Parents: Children’s Primary Sexual (Violence) Educators

coverI recently wrote an article for Partners in Social Change, the publication from the Washington Coalition of Sexual Assault Programs that addresses how parents can most effectively talk with their youth about sexual violence. Here is a clip from my article:

“Parents have a unique position in their teenagers’ lives. They have daily access to the dating relationships and associated emotions that young people live through. This provides parents with a front row seat to be aware of issues in relationships and potential warning signs of violence. Nevertheless, without a strong conversational relationship – one that includes topics of sex, sexuality, and violence – parents are likely to miss important signs that would allow them to support their teenager.

It is never too late to start conversations about sexual (and relationship-based) violence. Opening up a new area of conversation between two people is often awkward, regardless of what the relationship is. However, these initially awkward topics can evolve into the most important and relationship strengthening lines of communication.”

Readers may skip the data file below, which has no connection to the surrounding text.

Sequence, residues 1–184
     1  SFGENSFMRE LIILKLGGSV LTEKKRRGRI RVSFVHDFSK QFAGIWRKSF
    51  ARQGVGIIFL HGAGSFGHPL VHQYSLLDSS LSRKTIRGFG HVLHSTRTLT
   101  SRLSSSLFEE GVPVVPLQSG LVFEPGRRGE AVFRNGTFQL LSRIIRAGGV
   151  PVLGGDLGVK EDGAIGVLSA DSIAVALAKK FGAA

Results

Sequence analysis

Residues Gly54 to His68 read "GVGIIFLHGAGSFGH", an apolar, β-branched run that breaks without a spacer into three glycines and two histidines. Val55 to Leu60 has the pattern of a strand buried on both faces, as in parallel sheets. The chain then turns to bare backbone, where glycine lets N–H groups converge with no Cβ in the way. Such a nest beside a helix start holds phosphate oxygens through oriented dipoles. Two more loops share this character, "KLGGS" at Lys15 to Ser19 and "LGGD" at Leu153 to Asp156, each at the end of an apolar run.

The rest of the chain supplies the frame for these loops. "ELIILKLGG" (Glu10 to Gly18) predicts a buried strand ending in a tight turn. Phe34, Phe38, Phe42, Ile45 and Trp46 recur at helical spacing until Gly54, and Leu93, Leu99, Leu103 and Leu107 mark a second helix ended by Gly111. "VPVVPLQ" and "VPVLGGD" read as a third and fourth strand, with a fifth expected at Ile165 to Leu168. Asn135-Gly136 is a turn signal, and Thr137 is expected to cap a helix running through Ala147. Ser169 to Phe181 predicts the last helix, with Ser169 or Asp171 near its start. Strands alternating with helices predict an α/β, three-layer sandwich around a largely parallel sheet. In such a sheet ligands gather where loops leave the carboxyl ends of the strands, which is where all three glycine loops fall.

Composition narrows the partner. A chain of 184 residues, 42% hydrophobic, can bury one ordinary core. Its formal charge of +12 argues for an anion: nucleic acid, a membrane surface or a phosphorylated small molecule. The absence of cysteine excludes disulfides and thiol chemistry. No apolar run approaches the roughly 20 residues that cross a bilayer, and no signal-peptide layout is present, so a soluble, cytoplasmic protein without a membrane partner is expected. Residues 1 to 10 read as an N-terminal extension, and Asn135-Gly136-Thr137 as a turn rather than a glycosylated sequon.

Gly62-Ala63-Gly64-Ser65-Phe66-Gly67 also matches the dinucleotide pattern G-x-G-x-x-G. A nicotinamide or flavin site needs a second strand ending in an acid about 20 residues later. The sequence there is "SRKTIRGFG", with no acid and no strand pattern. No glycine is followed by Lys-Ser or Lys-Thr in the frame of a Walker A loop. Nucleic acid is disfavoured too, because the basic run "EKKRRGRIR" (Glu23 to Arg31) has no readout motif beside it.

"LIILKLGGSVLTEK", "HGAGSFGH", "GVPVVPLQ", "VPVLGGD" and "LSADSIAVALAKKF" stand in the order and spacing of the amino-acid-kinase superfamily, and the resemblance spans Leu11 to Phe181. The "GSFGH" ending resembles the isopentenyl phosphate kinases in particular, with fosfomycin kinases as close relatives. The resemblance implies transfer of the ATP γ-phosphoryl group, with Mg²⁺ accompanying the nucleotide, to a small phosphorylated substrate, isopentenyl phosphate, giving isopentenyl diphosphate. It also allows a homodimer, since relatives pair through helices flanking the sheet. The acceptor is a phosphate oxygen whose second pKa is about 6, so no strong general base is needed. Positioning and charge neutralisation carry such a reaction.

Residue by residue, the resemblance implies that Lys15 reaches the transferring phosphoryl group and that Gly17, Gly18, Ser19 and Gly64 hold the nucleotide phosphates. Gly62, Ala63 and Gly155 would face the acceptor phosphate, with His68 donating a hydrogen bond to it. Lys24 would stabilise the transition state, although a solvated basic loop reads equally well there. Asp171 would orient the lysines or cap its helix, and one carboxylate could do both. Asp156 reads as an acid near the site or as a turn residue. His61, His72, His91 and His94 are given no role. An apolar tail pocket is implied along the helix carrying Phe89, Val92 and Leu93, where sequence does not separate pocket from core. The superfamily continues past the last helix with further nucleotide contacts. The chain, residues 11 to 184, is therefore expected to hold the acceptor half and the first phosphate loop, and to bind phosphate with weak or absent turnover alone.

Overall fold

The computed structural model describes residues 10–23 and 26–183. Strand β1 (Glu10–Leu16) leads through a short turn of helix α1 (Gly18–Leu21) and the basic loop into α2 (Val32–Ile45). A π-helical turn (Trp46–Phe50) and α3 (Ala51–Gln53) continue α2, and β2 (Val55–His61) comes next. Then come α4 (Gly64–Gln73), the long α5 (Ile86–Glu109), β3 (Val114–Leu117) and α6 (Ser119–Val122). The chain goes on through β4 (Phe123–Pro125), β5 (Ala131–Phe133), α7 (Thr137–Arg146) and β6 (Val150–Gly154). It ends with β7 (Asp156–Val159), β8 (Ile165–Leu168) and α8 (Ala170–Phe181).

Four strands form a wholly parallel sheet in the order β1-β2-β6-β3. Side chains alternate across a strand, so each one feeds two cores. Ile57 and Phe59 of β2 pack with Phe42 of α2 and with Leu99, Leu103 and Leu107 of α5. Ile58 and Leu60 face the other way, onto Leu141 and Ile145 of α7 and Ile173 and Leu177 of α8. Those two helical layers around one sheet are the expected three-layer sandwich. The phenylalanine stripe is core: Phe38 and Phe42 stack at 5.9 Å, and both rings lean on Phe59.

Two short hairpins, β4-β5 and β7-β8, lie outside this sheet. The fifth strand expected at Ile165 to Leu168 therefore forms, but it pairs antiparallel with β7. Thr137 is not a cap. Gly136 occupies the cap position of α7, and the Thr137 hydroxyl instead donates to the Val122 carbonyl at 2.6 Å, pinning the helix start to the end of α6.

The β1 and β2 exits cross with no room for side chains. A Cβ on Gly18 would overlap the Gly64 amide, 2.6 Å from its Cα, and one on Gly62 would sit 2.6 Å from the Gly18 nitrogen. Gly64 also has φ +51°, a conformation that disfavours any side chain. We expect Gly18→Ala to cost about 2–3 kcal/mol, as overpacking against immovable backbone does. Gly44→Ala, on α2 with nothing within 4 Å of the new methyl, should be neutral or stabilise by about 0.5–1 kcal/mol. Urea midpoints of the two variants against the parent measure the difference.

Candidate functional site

I include an elaboration on my ten tips for parents to talk with their kids about sex that addresses how the tips apply in the situation of sexual violence.

You can download the magazine, including my article, in PDF form.

About Karen Rayne

Dr. Karen Rayne has been supporting parents and families since 2007 when she received her PhD in Educational Psychology. A specialist in child wellbeing, Dr. Rayne has spent much of her career supporting parents, teachers, and other adults who care for children and teenagers.